North Texas Teen Book Festival brings stories to fans in unique ways

Wren Lee


Wren Lee

Penguin Teen’s associate marketing manager Kara Brammer wears a penguin hat to talk about recent and upcoming releases during the Penguin Teen Book Buzz on Saturday at the North Texas Teen Book Festival held at the Irving Convention Center. The book buzzes were new to this year’s festival, and they allowed publishers to share releases with attendees.

Wren Lee, Staff Designer

IRVING – The North Texas Teen Book Festival (NTTBF) began with many excited attendees lined up to receive free merchandise. By the end of the day, they went home happy, books in tow.

NTTBF is an annual, day-long gathering of readers and authors at the Irving Convention Center in the spring. Attendees visit panels, meet authors and learn about upcoming books.

NTTBF has been celebrating books for three years. Compared to last year’s festival, there were some new additions to the schedule.

This year’s event introduced a new way to celebrate books: book buzzes. Book buzzes are the publishers’ chance to preview recent and upcoming books.

In the Epic Reads Book Buzz, Margot Wood, who runs social media for publisher Epic Reads, talked about the recently released books The Hate U Give, King’s Cage and American Street. At the end of the book buzz, advanced readers copies (ARC) of books such as Ramona Blue by The New York Times bestselling author Julie Murphy.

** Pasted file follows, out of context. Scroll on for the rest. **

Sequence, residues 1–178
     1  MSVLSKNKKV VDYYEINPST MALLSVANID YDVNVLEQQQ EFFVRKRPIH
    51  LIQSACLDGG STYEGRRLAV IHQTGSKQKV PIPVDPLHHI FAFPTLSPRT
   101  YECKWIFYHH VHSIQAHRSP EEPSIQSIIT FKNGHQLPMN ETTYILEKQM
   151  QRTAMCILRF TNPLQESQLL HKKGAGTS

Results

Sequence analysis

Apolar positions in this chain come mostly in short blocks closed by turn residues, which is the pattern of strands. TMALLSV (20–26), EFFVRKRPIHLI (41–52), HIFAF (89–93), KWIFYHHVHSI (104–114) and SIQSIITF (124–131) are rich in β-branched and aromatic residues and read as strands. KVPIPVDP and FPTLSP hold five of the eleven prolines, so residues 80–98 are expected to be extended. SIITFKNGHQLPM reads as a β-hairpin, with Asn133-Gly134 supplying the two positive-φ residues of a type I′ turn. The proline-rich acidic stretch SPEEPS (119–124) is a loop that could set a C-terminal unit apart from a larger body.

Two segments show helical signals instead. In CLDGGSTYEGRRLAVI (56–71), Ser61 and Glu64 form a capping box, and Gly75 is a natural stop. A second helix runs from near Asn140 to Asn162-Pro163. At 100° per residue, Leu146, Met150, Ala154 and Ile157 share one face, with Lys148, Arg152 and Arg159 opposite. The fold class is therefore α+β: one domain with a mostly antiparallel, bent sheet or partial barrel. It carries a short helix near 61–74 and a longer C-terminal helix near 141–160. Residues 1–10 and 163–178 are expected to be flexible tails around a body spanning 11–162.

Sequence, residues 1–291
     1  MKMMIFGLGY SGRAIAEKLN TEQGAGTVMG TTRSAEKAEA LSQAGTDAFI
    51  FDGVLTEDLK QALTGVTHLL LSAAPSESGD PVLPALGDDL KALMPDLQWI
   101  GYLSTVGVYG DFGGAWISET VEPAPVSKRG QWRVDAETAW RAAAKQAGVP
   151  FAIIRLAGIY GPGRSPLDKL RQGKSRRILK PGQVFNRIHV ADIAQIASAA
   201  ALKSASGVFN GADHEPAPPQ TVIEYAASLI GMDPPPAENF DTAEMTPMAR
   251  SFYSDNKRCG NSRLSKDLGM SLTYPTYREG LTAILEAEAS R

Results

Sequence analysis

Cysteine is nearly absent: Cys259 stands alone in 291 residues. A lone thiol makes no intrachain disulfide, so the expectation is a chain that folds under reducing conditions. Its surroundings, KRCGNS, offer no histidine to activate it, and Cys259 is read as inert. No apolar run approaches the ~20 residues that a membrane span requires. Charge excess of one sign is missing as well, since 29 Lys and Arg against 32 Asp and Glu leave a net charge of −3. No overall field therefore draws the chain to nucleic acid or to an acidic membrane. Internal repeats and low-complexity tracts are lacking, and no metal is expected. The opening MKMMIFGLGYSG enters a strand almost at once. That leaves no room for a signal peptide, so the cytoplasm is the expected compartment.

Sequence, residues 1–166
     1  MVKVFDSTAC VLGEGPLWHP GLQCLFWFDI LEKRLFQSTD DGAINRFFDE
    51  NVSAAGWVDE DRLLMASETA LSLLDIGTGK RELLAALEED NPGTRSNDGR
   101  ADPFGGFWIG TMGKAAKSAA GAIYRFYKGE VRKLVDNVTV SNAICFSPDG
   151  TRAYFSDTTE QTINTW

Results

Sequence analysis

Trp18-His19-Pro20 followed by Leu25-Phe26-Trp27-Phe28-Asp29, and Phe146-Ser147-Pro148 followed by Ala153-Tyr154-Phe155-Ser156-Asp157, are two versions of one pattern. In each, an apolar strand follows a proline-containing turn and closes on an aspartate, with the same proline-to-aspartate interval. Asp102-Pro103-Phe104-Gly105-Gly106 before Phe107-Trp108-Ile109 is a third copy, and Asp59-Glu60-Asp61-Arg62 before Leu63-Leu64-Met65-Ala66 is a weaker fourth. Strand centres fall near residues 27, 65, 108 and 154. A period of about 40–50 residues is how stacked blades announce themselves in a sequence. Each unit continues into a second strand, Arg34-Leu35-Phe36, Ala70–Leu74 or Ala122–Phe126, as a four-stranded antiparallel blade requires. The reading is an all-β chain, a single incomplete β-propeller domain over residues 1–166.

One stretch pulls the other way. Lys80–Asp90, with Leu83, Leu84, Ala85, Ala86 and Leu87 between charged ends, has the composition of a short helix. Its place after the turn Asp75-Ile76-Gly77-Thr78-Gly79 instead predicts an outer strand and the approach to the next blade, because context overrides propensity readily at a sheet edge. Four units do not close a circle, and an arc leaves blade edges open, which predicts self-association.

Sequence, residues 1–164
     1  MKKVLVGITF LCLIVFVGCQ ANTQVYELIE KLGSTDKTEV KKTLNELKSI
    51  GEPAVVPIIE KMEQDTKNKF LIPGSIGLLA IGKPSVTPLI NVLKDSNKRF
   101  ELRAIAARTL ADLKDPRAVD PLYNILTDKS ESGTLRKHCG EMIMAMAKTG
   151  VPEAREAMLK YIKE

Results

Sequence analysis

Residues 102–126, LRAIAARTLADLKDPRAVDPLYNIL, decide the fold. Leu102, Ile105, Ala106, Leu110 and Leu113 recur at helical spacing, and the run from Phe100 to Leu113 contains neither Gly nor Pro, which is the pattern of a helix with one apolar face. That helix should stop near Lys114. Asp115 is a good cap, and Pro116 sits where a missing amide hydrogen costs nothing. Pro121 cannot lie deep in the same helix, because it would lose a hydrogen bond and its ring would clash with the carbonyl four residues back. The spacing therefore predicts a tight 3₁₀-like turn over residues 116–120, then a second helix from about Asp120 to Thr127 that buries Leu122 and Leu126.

Overall, there were more publisher events. Epic Reads had meet-and-greets with their authors such as debut author Angie Thomas and The New York Times bestselling author Victoria Aveyard. Another publisher, Fierce Reads, had a breakfast open to a limited number of attendees.

On Terrace 3, 100 attendees huddled together in the chilly outdoor air, clamoring to get some food and a chance to talk to the six featured authors.

“[My favorite part of the Fierce Reads breakfast] was seeing how the authors described their own books and getting free books,” Coppell High School junior Maya Govindarajan said.

The publishers tried to be more active compared to last year. Fierce Reads had ARC giveaways happening from 9 a.m. to 3 p.m. Penguin Teen constantly tweeted about a new book or merchandise being given away.

There were more chances to get free merchandise and more people to take advantage of those chances. Students came in by the busload from local middle and high schools, including Coppell Middle School East. This caused the festival to have a high concentration of people, creating a high traffic environment in the convention center.

Attendees had to line up long before the panel occurred because of the lack of space. For the book buzzes, some were lined up 30 minutes before the book buzz began.

During the book signing, lines were even worse. People lined up two hours before the signings even happened and the lines snaked out of the signing area and into the side hallway.

Most people seemed to be waiting for popular authors such as The New York Times bestselling authors R.L. Stine, Veronica Roth, Marie Lu and David Levithan. Lines for these authors were often closed once they reached capacity and attendees had to mill around, waiting for the line to reopen.

While the lines were full and it was hard to maneuver through, the festival was filled with happy attendees ready to dive into their books when they got home.